"Listen, the important thing to remember is, the mice have it tough," says Angela Shackford, 13.

She stands beneath exposed pipes in the basement two floors below stage level at Lisner Auditorium and points to the rack of thickly padded, furry brown costumes with iridescent eyes. "You can't see well with the head on; it gets so hot we have to cool off outside instead of backstage, and you've got to be careful not to bump into the prince . . . But it's fun, and when I'm home I think, 'I wish I was back at the theater.' "

Then the familiar strains of Tchaikovsky start to waft from the nearby orchestra pit, and Angela and nine other girls prepare to don the ankle-length outfits, complete with claw-like gloves. Another performance of the Washington Ballet's production of "The Nutcracker" -- continuing through Saturday -- is under way.

"It's the biggest cast, with the biggest production and the largest audience of anything we do," says Mary Day, artistic director and founder of the Washington Ballet. As it is for many other companies, "The Nutcracker" is also this ballet's biggest moneymaker, pulling in an estimated $375,000 during its popular two-week run.

Why do people keep coming back? Says Day, who admits to tiring of "The Nutcracker" sometimes toward the end of the 26-performance run, "I watch the faces in the crowd. People are smiling, children are dancing in their seats. When I see that enjoyment, I know we've given them something."

Although some critics have commented that the company's production might benefit from a major overhaul of the sets and dance steps, Day says she isn't so sure. "People know this is not the Bolshoi's 'Swan Lake' -- they didn't come for that, they came to see 'The Nutcracker' that they love."

Out front by the box office last weekend there seemed to be agreement. Four-year-old Andrew Staff, in a Dutchman's blue cap, said he was there "to see the 20-head mouse" (actually, the mouse in question had seven heads). Kate VanSchaick was there with her mother to celebrate her ninth birthday. A boy named Danny clutched a small cut-out drawing of a nutcracker as he waited in line with his family.

Mari Knudsen said she decided to take her 3-year-old Erica to the ballet after watching her view the Baryshnikov version on VCR. "She kept saying, 'More Nutcracker' whenever the tape was through, so we judged by her reaction that it was time to take her."

Mary Kraynak said she had first seen "The Nutcracker" on her own in Pittsburgh, but this time she was with her daughter Darcy, 4. "I enjoy it more with the kids. For the children, the growing Christmas tree and the Nutcracker Prince are real. It's a different sort of appreciation, it's a story that comes to life."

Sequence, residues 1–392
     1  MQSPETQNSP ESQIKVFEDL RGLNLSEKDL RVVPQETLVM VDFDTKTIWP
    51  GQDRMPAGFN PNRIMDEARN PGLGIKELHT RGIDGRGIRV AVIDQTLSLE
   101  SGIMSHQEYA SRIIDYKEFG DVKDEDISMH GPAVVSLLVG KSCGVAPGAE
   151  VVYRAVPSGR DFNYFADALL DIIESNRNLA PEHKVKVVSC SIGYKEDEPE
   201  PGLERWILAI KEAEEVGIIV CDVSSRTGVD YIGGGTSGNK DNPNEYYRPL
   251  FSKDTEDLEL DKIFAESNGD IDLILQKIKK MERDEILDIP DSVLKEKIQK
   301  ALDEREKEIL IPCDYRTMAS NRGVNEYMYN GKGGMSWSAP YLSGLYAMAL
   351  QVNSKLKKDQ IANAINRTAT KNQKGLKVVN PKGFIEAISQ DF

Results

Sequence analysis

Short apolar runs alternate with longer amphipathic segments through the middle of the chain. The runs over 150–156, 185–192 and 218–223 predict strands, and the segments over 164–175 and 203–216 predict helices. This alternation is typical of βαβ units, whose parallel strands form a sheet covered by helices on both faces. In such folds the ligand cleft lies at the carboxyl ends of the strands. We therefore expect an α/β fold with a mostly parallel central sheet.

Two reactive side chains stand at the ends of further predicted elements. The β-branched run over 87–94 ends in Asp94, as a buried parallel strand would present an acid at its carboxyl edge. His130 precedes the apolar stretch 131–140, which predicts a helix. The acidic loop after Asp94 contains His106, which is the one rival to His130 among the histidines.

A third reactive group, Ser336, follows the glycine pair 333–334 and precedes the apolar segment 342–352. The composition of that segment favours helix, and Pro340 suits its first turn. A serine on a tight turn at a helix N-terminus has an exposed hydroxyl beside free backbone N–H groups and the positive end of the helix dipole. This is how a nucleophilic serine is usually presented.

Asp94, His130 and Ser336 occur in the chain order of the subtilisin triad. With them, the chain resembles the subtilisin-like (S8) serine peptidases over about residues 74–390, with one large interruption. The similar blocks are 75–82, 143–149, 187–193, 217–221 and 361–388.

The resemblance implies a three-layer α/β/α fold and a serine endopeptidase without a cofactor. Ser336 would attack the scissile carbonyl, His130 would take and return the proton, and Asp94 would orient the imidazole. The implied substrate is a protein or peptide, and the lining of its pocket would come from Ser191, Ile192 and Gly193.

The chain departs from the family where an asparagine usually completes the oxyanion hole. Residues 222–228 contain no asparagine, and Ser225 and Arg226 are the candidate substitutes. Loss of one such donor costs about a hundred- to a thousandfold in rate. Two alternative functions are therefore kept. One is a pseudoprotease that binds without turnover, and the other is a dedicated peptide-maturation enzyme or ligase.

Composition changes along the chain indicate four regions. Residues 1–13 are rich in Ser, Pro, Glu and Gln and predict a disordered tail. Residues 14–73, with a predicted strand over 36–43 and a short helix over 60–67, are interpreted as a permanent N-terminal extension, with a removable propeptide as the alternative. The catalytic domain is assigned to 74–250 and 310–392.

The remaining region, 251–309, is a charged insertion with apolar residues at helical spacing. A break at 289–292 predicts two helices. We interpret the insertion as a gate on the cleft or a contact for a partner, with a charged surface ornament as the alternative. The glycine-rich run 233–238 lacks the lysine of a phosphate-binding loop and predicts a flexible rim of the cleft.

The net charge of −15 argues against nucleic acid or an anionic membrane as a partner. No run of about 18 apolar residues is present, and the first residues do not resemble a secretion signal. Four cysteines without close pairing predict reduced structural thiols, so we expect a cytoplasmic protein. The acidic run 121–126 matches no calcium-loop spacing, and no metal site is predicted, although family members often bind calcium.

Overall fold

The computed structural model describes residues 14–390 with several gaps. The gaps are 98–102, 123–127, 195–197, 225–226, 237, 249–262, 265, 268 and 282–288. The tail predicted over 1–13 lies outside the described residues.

"The Nutcracker" is a family affair backstage, too.

Chris Akers, 10, plays one of the boys in the Act I party scene, while his father, corporate lawyer Jim Akers, again portrays the mysterious Herr Drosselmeyer. "It can be a disadvantage when your father shares your dressing room -- then you have to behave," Chris says. (This year they are in separate rooms.)

Then there is the Piper family. Jennifer plays Clara, the young heroine; Steven, 11, plays a member of the Pompous family in Act I; and David, 9, alternates among three roles: the little cook who licks the bowl in the Mother Gigone (Mother Ginger) dance, the smallest member of the Pompous family and one of the members of the Twin family. Jane Piper, their mother, helps apply makeup for the toy soldiers, party children and other youngsters in the three casts.

"The boys had been dragged along in driving Jennifer to dance classes. One of my daughter's teachers asked David if he'd like a part. So now he's the little cook -- he loves it and he now takes lessons. Steven kept hearing last year how much fun it was, so he joined also . . . It means a lot to them."

David's favorite part, he says, "is being picked up in the air by the cook . I feel like I'm the biggest one on stage." Says Jennifer, who has studied ballet for five years and taken lessons at the Washington School of the Ballet for two: "You really feel part of Clara, meeting the Prince, getting the crown from the Sugar Plum Fairy. The part is really not dancing, it's more like acting, doing what you would feel like doing if you met the Nutcracker."

Just as Clara is the dream part for the younger girls at the ballet school -- ask any of the toy soldiers or the mice -- the ultimate role for older dancers is the Sugar Plum Fairy. Professional company members Lynn Cote, who now dances the part, and Julie Miles, who has danced the role, both worked their way up from smaller "Nutcracker" roles with the Washington Ballet production during their early teens.

Linda Adolphi, a newer member of the company who dances the Snow Queen among several "Nutcracker" parts, began as the wooden doll six years ago at age 14. " 'The Nutcracker' is one of the only storybook ballets besides 'Sleeping Beauty' that we do, and it does give you a chance to try different roles -- and it's one of the few times when people from the company dance with members of the ballet school," she says.

When the Sugar Plum Fairy and her cavalier take their solo turns on stage, it is one of the few times when backstage seems to meld with the audience: Both are rapt. And when the applause begins in the audience, the clapping in the wings can sound just as loud.